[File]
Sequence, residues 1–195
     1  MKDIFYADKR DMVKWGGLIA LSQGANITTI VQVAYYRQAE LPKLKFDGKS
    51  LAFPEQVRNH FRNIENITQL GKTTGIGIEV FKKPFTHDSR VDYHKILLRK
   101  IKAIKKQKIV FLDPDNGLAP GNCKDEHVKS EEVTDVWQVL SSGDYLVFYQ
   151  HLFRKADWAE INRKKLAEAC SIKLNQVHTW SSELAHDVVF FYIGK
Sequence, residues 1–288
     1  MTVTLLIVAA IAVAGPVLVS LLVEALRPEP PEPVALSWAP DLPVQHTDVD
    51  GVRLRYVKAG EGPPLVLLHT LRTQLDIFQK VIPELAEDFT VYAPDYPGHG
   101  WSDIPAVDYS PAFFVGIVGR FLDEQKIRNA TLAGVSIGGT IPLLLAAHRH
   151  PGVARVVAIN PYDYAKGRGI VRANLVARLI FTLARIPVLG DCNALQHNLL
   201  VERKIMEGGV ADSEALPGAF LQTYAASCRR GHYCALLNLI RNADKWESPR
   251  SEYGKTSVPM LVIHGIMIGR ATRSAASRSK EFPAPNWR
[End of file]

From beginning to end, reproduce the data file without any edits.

Sequence, residues 1–195
     1  MKDIFYADKR DMVKWGGLIA LSQGANITTI VQVAYYRQAE LPKLKFDGKS
    51  LAFPEQVRNH FRNIENITQL GKTTGIGIEV FKKPFTHDSR VDYHKILLRK
   101  IKAIKKQKIV FLDPDNGLAP GNCKDEHVKS EEVTDVWQVL SSGDYLVFYQ
   151  HLFRKADWAE INRKKLAEAC SIKLNQVHTW SSELAHDVVF FYIGK
Sequence, residues 1–288
     1  MTVTLLIVAA IAVAGPVLVS LLVEALRPEP PEPVALSWAP DLPVQHTDVD
    51  GVRLRYVKAG EGPPLVLLHT LRTQLDIFQK VIPELAEDFT VYAPDYPGHG
   101  WSDIPAVDYS PAFFVGIVGR FLDEQKIRNA TLAGVSIGGT IPLLLAAHRH
   151  PGVARVVAIN PYDYAKGRGI VRANLVARLI FTLARIPVLG DCNALQHNLL
   201  VERKIMEGGV ADSEALPGAF LQTYAASCRR GHYCALLNLI RNADKWESPR
   251  SEYGKTSVPM LVIHGIMIGR ATRSAASRSK EFPAPNWR